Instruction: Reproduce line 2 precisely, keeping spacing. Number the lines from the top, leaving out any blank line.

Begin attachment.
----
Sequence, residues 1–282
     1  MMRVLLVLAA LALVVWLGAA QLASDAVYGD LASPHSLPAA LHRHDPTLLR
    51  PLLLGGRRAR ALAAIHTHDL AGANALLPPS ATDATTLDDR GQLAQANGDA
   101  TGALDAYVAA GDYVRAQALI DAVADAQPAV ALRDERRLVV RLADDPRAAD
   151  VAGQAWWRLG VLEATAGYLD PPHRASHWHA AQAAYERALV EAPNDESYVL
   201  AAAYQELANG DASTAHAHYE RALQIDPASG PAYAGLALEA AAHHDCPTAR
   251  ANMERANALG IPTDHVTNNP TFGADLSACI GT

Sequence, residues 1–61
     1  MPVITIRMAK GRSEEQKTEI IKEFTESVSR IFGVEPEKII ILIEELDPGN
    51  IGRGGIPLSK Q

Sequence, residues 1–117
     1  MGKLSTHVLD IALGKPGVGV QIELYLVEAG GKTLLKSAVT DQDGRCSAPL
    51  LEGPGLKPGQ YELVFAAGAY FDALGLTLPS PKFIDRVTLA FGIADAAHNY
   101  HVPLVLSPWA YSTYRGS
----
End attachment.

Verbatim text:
     1  MMRVLLVLAA LALVVWLGAA QLASDAVYGD LASPHSLPAA LHRHDPTLLR